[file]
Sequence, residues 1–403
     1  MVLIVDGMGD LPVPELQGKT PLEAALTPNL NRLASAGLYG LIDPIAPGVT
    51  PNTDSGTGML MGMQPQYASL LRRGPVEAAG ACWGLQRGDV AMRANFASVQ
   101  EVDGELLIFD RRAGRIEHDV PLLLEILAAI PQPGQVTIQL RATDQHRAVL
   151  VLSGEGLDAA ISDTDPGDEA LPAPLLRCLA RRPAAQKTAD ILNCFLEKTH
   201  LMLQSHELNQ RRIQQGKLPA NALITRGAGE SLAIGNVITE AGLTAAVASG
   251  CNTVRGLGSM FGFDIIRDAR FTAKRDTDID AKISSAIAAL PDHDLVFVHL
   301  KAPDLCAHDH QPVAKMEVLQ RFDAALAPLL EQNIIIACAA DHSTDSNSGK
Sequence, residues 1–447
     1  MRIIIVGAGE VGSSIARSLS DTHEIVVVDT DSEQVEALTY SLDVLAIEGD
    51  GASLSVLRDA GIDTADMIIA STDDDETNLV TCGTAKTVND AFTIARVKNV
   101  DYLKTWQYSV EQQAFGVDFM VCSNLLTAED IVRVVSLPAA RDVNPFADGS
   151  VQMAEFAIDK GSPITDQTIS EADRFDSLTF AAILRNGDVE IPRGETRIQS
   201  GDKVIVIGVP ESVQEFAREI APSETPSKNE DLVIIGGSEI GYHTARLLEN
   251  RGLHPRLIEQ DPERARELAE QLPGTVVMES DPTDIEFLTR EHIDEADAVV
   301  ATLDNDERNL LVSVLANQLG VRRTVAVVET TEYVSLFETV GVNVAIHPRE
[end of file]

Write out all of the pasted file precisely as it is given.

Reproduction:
Sequence, residues 1–403
     1  MVLIVDGMGD LPVPELQGKT PLEAALTPNL NRLASAGLYG LIDPIAPGVT
    51  PNTDSGTGML MGMQPQYASL LRRGPVEAAG ACWGLQRGDV AMRANFASVQ
   101  EVDGELLIFD RRAGRIEHDV PLLLEILAAI PQPGQVTIQL RATDQHRAVL
   151  VLSGEGLDAA ISDTDPGDEA LPAPLLRCLA RRPAAQKTAD ILNCFLEKTH
   201  LMLQSHELNQ RRIQQGKLPA NALITRGAGE SLAIGNVITE AGLTAAVASG
   251  CNTVRGLGSM FGFDIIRDAR FTAKRDTDID AKISSAIAAL PDHDLVFVHL
   301  KAPDLCAHDH QPVAKMEVLQ RFDAALAPLL EQNIIIACAA DHSTDSNSGK
Sequence, residues 1–447
     1  MRIIIVGAGE VGSSIARSLS DTHEIVVVDT DSEQVEALTY SLDVLAIEGD
    51  GASLSVLRDA GIDTADMIIA STDDDETNLV TCGTAKTVND AFTIARVKNV
   101  DYLKTWQYSV EQQAFGVDFM VCSNLLTAED IVRVVSLPAA RDVNPFADGS
   151  VQMAEFAIDK GSPITDQTIS EADRFDSLTF AAILRNGDVE IPRGETRIQS
   201  GDKVIVIGVP ESVQEFAREI APSETPSKNE DLVIIGGSEI GYHTARLLEN
   251  RGLHPRLIEQ DPERARELAE QLPGTVVMES DPTDIEFLTR EHIDEADAVV
   301  ATLDNDERNL LVSVLANQLG VRRTVAVVET TEYVSLFETV GVNVAIHPRE